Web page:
Nigerian singer Burna Boy has come a long way since his 2015 hit, "Soke." He now sings mostly in English and patois rather than Yoruba and pidgin, which has broadened his global appeal. In this unlikely pairing, English singer-songwriter Lily Allen teamed up with Burna Boy for this quirky song about two lovers who debate their relationship since they come from different social environments.
The video is like the song: It keeps moving and changing settings at a rapid pace so you can't take your eyes off it. Burna Boy is also not hard to look at, and he is phenomenal in this clip. As one of the comments remarked, Lily is the bigger name when it comes to the mainstream Western audience, so her fans will be pleasantly surprised to find they will be hooked on Burna Boy by the end of the song. Burna Boy's willingness to experiment with new sounds, his commanding voice, and Nigerian hipster-boy image sets him apart from other Nigerian Afrobeats stars.
Music video is available exclusively on Tidal for now but you can stream the song on Spotify.
Reggaeton and hip-hop star Amara La Negra has been enchanting and confusing people everywhere with her identity as an Afro-Latina. The Dominican star was thrust into mainstream American media via a recurring role on VH1's reality show Love and Hip-Hop. She is questioned relentlessly by others on the show on how she could possibly be both black and Latina because the only Latina singers they know look like Jennifer Lopez A.K.A. JLO, Shakira, Adrienne Bailon and Selena Gomez. The comment above was in response to Amara's interview on talk show, The Real, where she explained for the millionth time, gracefully, that there are black people throughout the Americas and Caribbean. It makes you wonder just how the education system teaches students about the transatlantic slave trade and how it affected demographics in South America, the Caribbean and North Africa.
Let's get back to the music. It's a shame that so much of Amara's press is taken up by her explaining why she has black skin and speaks Spanish, because her music is awesome! Her latest release, "What A Bam Bam," samples Sister Nancy's iconic "Bam Bam" with a fun reggaeton beat that Amara sings and raps over in both Spanish and English. Stream the song on Spotify and check out the video exclusively on Tidal.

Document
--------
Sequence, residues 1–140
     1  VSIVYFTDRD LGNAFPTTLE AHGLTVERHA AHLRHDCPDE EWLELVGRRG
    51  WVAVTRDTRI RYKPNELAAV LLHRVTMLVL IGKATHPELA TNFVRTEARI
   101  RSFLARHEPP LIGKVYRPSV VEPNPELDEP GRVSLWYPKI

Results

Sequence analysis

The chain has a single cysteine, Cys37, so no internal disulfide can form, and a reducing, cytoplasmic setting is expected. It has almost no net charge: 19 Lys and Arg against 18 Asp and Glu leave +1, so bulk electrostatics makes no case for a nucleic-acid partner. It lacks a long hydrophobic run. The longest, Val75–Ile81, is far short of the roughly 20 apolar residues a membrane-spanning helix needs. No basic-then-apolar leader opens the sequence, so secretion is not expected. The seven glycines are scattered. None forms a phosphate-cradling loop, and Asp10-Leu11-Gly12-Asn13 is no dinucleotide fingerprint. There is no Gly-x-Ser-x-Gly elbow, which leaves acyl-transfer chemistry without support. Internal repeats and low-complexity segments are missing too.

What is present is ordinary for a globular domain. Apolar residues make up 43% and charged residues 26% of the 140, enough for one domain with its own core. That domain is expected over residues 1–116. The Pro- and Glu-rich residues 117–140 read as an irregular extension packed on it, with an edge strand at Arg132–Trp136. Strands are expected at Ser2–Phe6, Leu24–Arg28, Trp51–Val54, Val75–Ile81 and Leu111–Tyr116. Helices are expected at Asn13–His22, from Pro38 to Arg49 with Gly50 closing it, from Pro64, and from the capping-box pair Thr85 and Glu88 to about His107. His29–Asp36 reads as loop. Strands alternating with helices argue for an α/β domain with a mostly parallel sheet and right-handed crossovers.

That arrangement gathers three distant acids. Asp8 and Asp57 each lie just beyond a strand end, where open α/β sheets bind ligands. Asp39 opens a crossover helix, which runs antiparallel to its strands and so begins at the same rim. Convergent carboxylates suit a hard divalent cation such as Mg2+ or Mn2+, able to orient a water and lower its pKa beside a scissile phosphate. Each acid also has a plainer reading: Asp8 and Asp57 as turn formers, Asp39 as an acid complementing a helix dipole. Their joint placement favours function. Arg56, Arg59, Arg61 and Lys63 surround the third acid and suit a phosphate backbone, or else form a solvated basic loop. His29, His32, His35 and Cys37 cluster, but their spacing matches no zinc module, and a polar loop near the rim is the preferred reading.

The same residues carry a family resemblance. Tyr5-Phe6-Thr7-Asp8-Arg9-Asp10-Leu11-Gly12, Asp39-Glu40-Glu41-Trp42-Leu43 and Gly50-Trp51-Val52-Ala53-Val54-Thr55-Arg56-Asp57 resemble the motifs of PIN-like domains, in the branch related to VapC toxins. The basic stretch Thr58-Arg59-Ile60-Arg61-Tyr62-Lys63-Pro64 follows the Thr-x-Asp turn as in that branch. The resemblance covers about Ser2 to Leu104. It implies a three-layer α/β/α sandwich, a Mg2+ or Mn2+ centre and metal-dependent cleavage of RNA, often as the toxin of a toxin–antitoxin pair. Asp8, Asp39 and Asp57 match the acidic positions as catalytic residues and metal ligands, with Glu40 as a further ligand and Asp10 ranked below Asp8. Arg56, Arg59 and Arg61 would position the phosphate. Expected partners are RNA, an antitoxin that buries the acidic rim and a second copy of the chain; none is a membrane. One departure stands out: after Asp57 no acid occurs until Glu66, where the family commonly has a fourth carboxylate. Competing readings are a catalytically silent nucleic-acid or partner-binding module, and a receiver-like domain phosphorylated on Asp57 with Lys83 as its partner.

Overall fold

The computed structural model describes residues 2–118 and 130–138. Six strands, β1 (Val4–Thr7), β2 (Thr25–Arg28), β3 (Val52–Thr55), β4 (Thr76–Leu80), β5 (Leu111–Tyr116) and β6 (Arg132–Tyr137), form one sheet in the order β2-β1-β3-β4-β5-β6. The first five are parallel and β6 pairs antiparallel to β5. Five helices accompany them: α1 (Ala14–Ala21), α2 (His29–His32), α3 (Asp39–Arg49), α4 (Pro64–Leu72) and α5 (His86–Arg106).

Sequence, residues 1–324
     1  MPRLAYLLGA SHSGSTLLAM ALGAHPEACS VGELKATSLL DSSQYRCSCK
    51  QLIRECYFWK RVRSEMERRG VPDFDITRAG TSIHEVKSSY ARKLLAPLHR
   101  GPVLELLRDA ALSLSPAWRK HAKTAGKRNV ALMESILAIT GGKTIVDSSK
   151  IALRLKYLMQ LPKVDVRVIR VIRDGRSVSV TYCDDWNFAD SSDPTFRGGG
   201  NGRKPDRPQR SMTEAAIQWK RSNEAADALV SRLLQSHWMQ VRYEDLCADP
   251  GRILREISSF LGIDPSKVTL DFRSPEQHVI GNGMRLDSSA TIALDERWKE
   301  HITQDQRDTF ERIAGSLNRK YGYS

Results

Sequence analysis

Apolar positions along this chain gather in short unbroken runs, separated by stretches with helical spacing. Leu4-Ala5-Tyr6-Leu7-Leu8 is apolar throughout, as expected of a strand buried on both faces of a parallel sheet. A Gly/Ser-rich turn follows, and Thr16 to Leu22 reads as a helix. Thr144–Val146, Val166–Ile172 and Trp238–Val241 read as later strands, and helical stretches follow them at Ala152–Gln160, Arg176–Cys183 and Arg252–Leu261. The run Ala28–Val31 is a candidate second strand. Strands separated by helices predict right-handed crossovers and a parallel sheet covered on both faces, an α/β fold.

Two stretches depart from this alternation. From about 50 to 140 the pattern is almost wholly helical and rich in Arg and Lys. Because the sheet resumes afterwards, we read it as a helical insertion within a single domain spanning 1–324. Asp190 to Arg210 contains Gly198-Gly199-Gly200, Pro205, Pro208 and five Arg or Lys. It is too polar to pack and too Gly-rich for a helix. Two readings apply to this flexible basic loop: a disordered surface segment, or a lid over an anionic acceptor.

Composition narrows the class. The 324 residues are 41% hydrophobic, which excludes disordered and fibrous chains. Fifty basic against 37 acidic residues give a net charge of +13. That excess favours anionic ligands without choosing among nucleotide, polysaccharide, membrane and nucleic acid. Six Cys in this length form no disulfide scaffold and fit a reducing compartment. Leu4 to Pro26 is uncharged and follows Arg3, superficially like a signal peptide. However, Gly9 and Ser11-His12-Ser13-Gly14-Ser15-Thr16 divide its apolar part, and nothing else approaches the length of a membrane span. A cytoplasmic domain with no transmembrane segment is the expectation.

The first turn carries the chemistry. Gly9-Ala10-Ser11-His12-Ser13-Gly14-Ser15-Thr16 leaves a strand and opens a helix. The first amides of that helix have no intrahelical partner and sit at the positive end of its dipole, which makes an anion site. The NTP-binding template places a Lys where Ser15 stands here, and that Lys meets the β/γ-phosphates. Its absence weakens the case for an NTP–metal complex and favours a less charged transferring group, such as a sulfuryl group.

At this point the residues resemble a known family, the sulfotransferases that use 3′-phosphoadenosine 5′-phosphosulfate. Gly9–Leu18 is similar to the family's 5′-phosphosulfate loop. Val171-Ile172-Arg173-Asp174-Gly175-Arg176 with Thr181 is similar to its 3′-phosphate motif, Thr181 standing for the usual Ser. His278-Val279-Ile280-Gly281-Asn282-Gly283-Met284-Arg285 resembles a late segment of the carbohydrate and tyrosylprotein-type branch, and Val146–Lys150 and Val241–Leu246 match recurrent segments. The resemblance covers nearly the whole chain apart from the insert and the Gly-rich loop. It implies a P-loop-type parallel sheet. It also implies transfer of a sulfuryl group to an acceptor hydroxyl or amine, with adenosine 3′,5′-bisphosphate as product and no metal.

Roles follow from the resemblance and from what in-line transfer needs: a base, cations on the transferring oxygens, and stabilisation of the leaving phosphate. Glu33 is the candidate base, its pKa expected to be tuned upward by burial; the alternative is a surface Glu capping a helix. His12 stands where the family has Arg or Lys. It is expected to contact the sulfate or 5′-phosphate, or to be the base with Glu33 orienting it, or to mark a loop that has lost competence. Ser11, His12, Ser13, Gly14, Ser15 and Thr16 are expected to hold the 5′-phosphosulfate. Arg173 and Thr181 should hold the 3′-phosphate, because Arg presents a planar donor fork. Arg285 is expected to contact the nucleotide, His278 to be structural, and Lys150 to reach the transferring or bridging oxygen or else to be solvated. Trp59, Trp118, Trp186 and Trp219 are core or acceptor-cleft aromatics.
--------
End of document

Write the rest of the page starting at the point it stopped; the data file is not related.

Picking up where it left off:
Bon bagay translates to "good stuff" in Haitian creole, and that's what we have here. "Limin Briké" is an upbeat compas song for this year's karnaval celebrations in Port-au-Prince. T-Vice is a Haitian compas band of eight members based in Miami, FL. They perform all over North America, Europe and the Caribbean, bringing their infectious compas rhythms to the world. This video will make you wish you had been at the Carnival celebrations surrounded by fire breathers and colorful clothing. Well, there's always next year!
New Bell Music is a Cameroonian label based in Yaounde, giving young hip-hop and alternative artists in Cameroon a platform to export their music to the world. One of their freshest finds is Reniss, a bold singer with a wide smile, making music the youth can relate to. It's wonderful to see a female singer crossing boundaries with her lyrics in French, English, pidgin and other local dialects in an industry dominated by men, with divided camps on the Francophone and Anglophone sides.
Is an Afropop roundup of new releases complete without Nigerian Afrobeats? It could be but for those of you that need this anchor, check out DJ Spinall and Wizkid's newest video for "Nowo." You can't deny the power of Wizkid, prince of Nigerian pop (sorry, Davido fans) and even if you try to, it will grow on you.
New York-based Ivorian rapper Kinté, who you may remember from our Afropop residency, lights up his single "Soirée Abidjanaise" (Abidjan Night) with this angsty video filled with images of young love. Check it out to hear a fresh new sound and let the young artists know what you think of the song by engaging in the comments section!
Thank you to Sebastian Bouknight for helping to curate this edition of "Fresh Cuts."